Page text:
If we are going to transform the classis into a force for congregational renewal, we’re going to have to rethink some things.
Strong effective congregational leadership is not necessarily the best predictor of strong effective classis leadership. Great teachers don’t always make great principals.
I had an English prof who threatened the class with sarcastic feedback on the essays we wrote for him. He said, “If I ever write the word ‘bland’ in the margin of your paper, you’ll know you’ve just received the worst comment that I could give you.” I guess he meant that any writing that was lively , no matter how poor, was better than writing that was boring and colorless. Sort of like being luke-warm and spat out.
Research on thousands of members in hundreds of churches suggests that a little over half of the membership is satisfied overall with what’s happening in their church. Which organization is best positioned to help clergy and church boards develop into healthy transformational congregations? Classis.
Would you agree that denominational leaders are sending a confused message to the church regarding the need for change? Could you imagine that not only are we experiencing a decline in numbers, but that church members are experiencing such poor quality of community life that it's difficult to invite new people in?
We need to talk! Talk as never before, talk as family, bound together across our differences by His blood and Spirit and love. We need to relearn to speak the truth in love, to engage each other with patience, with good listening, with thoughtful discernment, with humor, with...
One of the best kept secrets about the CRC’s life as a denomination is that exciting changes are percolating at the classical level. We take it for granted that agencies are thriving and doing effective work. But exciting change at the classical level? Have you heard any recent buzz about that?
Getting the roles of governance and ministry mixed up is the crippling confusion in many councils. For deacons, the role confusion can be even more painful and debilitating. Are deacons primarily decision makers? Or are they ministers of benevolence and mercy? Are they sometimes both?
What are the factors that can really help a classis experience positive change? I’ll be the first to say I’m no expert, but I’d like to put forth a few thoughts for discussion. OK, I know you’re going to ask, “Yes, but what IS a healthy classis?” What are its “essential” characteristics? How do you get there?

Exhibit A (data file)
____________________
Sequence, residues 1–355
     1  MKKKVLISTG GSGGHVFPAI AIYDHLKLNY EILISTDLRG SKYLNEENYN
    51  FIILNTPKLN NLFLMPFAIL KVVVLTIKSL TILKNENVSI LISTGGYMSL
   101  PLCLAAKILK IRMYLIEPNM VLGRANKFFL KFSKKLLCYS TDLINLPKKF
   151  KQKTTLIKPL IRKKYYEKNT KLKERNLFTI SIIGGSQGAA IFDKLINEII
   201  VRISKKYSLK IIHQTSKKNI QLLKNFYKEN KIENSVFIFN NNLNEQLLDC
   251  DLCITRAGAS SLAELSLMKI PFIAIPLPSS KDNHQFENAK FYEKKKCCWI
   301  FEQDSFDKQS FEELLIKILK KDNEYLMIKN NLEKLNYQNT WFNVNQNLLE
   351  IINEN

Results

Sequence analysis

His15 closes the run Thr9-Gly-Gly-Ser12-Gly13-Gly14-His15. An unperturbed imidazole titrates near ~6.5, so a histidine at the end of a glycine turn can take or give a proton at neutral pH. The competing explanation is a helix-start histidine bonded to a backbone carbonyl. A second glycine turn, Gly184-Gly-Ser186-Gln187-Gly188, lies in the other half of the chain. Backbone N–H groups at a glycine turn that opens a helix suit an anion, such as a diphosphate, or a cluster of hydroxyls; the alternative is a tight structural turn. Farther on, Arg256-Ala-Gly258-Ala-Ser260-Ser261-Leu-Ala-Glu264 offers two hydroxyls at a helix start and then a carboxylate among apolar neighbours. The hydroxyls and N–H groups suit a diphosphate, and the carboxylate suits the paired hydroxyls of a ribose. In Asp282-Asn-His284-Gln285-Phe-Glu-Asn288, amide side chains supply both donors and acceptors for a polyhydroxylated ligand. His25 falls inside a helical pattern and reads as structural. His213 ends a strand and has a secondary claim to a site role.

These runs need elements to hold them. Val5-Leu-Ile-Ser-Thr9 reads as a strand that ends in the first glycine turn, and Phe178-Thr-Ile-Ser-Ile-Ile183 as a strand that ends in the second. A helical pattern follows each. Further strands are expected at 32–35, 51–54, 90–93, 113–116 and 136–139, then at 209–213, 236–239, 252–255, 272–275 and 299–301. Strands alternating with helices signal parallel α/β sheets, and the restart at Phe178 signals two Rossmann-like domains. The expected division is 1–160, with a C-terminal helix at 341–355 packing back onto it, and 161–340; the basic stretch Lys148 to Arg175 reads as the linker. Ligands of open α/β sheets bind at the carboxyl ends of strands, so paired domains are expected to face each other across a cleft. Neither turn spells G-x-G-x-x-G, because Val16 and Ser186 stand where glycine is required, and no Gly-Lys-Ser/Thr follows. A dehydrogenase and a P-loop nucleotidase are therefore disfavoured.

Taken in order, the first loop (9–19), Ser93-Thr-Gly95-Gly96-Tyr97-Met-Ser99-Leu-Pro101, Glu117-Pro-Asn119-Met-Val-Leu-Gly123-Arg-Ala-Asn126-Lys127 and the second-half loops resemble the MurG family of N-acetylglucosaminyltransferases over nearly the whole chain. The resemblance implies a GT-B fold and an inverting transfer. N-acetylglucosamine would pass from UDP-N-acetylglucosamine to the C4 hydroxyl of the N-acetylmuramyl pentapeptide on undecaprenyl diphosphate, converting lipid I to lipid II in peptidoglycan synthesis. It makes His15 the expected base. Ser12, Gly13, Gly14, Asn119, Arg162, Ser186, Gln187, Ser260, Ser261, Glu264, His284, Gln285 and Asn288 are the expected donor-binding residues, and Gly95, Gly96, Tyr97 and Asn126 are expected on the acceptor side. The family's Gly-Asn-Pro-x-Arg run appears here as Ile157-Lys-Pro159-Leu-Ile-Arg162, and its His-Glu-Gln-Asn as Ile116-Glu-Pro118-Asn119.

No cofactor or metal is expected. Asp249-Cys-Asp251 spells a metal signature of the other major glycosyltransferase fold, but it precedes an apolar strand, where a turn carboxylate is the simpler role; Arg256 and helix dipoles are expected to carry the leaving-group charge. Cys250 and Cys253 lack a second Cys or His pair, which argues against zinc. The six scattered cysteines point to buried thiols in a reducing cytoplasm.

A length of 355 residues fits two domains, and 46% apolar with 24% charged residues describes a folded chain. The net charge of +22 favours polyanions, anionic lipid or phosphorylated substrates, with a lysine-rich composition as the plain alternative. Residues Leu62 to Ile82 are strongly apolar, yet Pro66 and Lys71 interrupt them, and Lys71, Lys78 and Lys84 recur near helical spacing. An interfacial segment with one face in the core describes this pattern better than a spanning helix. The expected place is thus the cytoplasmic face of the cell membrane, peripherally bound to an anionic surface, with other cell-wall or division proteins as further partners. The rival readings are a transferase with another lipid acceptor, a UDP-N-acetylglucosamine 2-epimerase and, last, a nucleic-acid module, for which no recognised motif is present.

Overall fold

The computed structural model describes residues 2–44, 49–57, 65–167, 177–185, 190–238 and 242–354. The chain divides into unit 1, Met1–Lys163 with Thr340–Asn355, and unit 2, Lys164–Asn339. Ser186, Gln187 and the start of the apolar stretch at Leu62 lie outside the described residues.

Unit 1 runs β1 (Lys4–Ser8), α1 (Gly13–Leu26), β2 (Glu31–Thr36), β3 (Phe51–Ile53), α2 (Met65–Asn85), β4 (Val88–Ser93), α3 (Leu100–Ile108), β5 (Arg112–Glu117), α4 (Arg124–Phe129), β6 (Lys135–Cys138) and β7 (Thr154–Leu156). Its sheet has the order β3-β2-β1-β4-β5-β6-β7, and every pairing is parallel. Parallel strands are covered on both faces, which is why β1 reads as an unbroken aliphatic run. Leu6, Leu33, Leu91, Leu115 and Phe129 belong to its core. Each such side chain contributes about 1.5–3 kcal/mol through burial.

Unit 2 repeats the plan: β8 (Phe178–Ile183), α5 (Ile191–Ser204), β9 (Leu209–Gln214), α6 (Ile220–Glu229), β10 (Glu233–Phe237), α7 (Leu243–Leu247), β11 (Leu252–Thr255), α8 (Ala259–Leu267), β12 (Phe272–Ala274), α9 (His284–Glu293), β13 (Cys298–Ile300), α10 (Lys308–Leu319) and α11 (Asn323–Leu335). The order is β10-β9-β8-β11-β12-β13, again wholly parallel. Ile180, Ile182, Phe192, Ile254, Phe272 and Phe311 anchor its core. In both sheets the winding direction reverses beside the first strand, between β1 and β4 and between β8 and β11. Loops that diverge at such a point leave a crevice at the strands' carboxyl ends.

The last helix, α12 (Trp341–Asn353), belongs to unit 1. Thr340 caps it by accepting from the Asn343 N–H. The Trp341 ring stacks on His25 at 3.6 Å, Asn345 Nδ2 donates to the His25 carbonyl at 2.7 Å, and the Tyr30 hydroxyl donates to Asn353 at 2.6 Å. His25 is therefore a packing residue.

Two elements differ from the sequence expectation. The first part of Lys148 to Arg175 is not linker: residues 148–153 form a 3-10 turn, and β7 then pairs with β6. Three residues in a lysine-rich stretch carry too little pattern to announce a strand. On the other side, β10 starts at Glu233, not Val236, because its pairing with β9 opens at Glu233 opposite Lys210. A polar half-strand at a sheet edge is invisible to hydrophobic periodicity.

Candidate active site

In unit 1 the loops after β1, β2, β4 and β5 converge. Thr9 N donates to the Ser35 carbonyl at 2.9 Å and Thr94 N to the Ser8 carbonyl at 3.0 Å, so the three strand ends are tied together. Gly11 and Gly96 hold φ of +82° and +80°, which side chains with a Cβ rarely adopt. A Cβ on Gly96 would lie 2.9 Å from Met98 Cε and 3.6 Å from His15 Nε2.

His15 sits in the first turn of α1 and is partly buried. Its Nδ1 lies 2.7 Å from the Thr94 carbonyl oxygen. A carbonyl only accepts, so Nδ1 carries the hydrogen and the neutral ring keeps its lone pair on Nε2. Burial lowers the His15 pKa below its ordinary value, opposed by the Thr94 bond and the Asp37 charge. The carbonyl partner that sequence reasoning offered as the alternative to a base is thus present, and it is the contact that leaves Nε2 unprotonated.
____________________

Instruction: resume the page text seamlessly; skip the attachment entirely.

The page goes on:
We're not alone in focusing on congregational health. What's not so clear is how "middle judicatories" like the classis figure in. I can't help but wonder - is the classis a potential key as we try to balance all the organizational dynamics we're trying to address?
Here's an amazing story of transformation in one powerful paragraph! Stan Workman of Classis SEUS (no relation to the Doctor) wrote a testimony about his peer group’s experience and its effect on his classis. What’s so great is how many different people connected and
What if we thought of ourselves more organically and a little less organizationally? What if the skills we expected in a leader included the skills of leading a meeting to maximize spiritual discernment, while giving less importance to Robert's Rules?
What should the church be doing, then, if government effort seems to have little effect, except maybe for providing ongoing relief? How should the church shape its own response? Can the church actually REDUCE poverty and dependence on programs that help? Even just in our neighborhood? Seems like that’s the ideal...
I was told that the synod and the classis don’t really exist. These are not organizations that exist over time; they were not intended to become pieces of bureaucracy. They only exist when they are in session. They are decision making bodies that are convened to do specific business, and then they go out of existence until the next one happens.
When it's transition time on the church council, how can it be as smooth and as affirming as possible? Relief for the tired retirees and honor for the incoming new members are just not adequate marks of transition! What does your council do to make transitions healthy and as pleasant as possible?